The Corner


Quick Take on the Vice-Presidential Debate, from an Anti-Debate ‘Pundit’

I am on the record as finding the presidential debates, at least in their modern incarnation, somewhat pointless. I extend this point to the vice-presidential debates as well. But I decided to make an exception for tonight’s debate, mostly out of (morbid) curiosity for what I have been missing.

And since I did so, I might as well throw my own take into the post-debate morass of dueling subjectivities that I have described in this way:

The principal attribute of today’s presidential debates is high theatricality. “Victory” comes from a superficial and subjective analysis of collected moments in them, or by an even-more subjective attempt by the candidates and by their surrogates to “spin” the proceedings in their favor after the fact.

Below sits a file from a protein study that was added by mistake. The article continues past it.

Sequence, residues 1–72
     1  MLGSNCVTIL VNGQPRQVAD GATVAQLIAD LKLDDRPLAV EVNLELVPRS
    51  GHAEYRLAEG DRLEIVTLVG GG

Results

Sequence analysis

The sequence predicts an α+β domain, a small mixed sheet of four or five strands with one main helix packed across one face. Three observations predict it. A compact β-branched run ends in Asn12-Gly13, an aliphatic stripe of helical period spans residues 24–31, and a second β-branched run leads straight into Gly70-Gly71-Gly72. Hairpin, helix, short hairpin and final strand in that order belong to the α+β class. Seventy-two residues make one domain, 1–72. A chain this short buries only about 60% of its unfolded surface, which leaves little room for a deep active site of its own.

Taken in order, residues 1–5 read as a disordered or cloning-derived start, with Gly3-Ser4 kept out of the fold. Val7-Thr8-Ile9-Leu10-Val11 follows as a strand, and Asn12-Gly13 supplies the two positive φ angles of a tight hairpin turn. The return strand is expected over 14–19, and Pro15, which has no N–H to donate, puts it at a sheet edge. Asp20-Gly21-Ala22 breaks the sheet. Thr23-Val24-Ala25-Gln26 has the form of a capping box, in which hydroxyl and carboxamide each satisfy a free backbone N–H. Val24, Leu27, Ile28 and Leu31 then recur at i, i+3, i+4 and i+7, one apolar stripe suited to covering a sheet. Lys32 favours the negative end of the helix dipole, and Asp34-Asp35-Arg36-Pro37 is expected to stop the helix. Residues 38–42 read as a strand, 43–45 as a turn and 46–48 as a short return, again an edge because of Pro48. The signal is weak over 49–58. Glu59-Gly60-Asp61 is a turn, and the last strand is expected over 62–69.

In my view, Mike Pence seemed more effective at both getting his points across, and in “hacking” the debate format to keep saying what he wanted to say. He did so without seeming aggressive or impolite, whereas Harris’s attempts to do the same came off as cloying or whiny. Harris landed some effective attacks on Donald Trump, attacks Pence tended to sidestep by bringing people into his far rosier — some might say imaginary — view of the Trump presidency. Pence’s best moments were the surprisingly Tulsi Gabbard-esque attack on Harris’s prosecutorial record and his insistence on trying to get Harris to answer a court-packing question and pointedly noting when she failed to do so.

Will it matter? Probably not. And it may well be that my own take gets lost in the post-debate spin wars. But I humbly submit it to you all the same.


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